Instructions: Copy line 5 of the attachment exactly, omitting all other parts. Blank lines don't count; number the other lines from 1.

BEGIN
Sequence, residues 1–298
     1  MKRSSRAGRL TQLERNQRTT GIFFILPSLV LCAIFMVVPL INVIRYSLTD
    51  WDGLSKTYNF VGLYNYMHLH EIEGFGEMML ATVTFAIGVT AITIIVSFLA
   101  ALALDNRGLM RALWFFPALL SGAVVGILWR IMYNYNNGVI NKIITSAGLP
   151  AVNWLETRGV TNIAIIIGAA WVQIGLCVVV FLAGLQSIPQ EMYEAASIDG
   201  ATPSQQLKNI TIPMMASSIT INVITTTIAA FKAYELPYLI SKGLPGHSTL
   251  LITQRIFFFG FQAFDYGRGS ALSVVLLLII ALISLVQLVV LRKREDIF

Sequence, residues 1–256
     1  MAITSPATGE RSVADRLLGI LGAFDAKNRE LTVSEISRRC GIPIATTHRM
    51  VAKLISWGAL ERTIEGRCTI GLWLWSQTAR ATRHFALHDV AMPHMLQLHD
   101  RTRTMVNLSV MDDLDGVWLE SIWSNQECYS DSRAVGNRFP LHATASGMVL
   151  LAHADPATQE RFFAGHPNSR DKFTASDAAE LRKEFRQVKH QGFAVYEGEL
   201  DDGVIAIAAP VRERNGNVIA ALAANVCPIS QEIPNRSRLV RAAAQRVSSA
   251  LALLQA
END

   151  AVNWLETRGV TNIAIIIGAA WVQIGLCVVV FLAGLQSIPQ EMYEAASIDG